Thunder cleanup

An employee with Tennessee Leather loads jackets and other goods onto a box truck Sunday, June 23, 2019.

In recent years, soggy conditions have made the weather an unwelcome guest for Thunder in the Valley.

This year, Mother Nature was its starring act, organizers said.

For the first time in five years, the rally was met with blue skies Friday through Sunday, luring the type of crowd the event often saw during its strongest years, Greater Johnstown/Cambria County Convention & Visitors Bureau Executive Director Lisa Rager said.

“This just served as a reminder of how much the weather impacts the success of this event,” she said Sunday. “There have been naysayers over the past few years, when the weather hasn’t really cooperated, about the recent turnouts. But when we get days like this, the turnout is still massive.”

Crowds packed the rally’s stages, sprawling across a wide-open Walnut Street parking lot for headliners FireHouse and Hairball.

Bikes were parked from one end of the downtown to the other this weekend, “in places we haven’t seen them in years,” Rager said.

Organizers were still adding up sales figures and other information used to estimate this year’s attendance, but Rager and advertising director Jayne Korenoski said the crowd was the largest in six years or more.

Vendors noticed.

Wild Bill’s Olde Fashioned Soda Pop, which set up two craft soda fountains for the event, has been coming to Thunder in the Valley for well more than a decade and has used its prior years’ success rate to help decide how much inventory to bring for the latest event, said Joe Domingo, of Wild Bill’s.

The company produced thousands of 2019 Thunder in the Valley mugs for the weekend. By late Saturday afternoon, every last one of them was gone, he said.

“Friday and Saturday were crazy. There was a point Saturday when we had a line all day,” Domingo said. “We had to sell extras from 2017 and 2018 the rest of the weekend.”

Korenoski said they hear success stories across the city, noting that Yamaha reported record merchandise sales this year – totals that topped every rally the bike manufacturer has attended this summer.

“I think everyone came out to ride this weekend,” Korenoski said. “With the years we’ve had recently ... this really rejuvenated us.”

Rager agreed, acknowledging that soggy weather put organizers on the defensive in recent years, forcing them to address “baseless” rumors about the event’s future.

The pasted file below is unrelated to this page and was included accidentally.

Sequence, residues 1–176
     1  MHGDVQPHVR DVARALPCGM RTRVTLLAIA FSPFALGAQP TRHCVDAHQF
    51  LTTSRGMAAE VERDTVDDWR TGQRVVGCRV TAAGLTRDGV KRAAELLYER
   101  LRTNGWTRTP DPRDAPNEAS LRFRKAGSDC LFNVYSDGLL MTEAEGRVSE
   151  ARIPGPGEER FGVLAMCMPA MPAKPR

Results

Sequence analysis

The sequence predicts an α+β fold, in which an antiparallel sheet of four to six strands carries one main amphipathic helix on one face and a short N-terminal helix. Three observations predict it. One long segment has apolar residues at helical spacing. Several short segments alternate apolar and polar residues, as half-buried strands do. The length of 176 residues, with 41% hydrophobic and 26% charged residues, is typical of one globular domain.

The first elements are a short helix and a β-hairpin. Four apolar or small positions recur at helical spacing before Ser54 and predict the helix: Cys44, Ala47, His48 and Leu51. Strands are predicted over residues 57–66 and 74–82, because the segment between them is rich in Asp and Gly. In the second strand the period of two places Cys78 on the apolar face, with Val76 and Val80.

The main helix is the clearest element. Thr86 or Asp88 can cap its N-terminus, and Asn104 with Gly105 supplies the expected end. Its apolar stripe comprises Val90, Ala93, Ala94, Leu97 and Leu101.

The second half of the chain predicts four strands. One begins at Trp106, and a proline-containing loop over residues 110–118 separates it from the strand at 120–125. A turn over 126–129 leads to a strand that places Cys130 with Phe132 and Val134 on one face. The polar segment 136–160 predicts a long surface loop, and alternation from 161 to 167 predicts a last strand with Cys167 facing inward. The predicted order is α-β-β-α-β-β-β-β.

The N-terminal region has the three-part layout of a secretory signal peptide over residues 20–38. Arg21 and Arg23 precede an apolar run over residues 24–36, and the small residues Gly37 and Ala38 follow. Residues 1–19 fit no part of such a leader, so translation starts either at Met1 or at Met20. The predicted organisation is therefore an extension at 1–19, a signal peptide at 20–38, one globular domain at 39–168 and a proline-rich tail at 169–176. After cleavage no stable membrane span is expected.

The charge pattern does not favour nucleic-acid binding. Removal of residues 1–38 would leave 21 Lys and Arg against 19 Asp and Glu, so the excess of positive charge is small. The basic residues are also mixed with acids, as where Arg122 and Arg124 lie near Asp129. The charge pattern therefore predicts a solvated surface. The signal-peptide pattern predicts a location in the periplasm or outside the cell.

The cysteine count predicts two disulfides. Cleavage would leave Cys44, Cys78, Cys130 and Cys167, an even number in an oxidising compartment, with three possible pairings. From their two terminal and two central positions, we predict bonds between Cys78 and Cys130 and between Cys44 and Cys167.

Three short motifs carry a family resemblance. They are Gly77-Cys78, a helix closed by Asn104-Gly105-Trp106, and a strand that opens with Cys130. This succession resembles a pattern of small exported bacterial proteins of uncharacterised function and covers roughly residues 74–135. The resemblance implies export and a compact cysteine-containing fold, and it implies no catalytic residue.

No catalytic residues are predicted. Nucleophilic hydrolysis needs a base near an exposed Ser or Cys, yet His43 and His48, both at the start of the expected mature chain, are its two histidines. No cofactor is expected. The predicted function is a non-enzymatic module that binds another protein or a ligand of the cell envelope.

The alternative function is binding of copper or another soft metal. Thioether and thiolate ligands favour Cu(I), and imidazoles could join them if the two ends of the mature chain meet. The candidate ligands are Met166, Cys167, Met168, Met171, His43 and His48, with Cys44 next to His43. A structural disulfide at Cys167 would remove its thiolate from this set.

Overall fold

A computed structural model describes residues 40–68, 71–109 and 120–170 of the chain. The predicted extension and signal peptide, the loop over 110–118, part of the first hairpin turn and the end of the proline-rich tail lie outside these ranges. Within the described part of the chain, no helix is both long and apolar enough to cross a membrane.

“We put a lot of blood, sweat and tears – and hours – into this event because even on the down years, it’s a major economic generator for the Johnstown region,” Rager said. “But the turnout this weekend was fabulous. I think it says a lot about Thunder in the Valley – that it’s going to be as strong as it’s ever been when the weather cooperates.”

The four-day rally has been a Johnstown staple for 22 years and is credited with bringing tens of thousands of people into the area every year and generating millions of dollars in impact on the community itself.

Cleanup a ‘massive’ undertaking’

A handful of groups – Convention & Visitors Bureau staff, a cleanup crew, interns and prison workers – all worked throughout the day to put downtown Johnstown back in order Sunday after thousands of bikes rolled out of town.

A Cambria County prison crew dismantled the Wall of Death, while a temp agency crew of Johnstown-area residents drove from site to site, filling up trailers of trash and transporting it all to a Pro Disposal garbage truck to compact and haul away.

Brian Geiser, who oversees the cleanup effort, said Thunder in the Valley has generated as many as 20 tons of trash each year, and his crew worked for four straight days to keep up with it.

Sixteen more people were scattered across the Johnstown business district, sweeping sidewalks and parking lots used for the event.

“We try to leave it cleaner than it was before the event started,” Geiser said, standing next to seven fellow workers, who had boarded a U-Haul trailer bound for the next pick-up site.

Once they wrap up – often late at night – city Public Works crews take over, using street sweepers to brush up the city’s streets.

“It’s a massive undertaking,” Rager said. “People have no idea how much work that’s left to be done after the last bike leaves.”

David Hurst is a reporter for The Tribune-Democrat. He can be reached at (814) 532-5053. Follow him on Twitter @TDDavidHurst and Instagram @TDDavidHurst.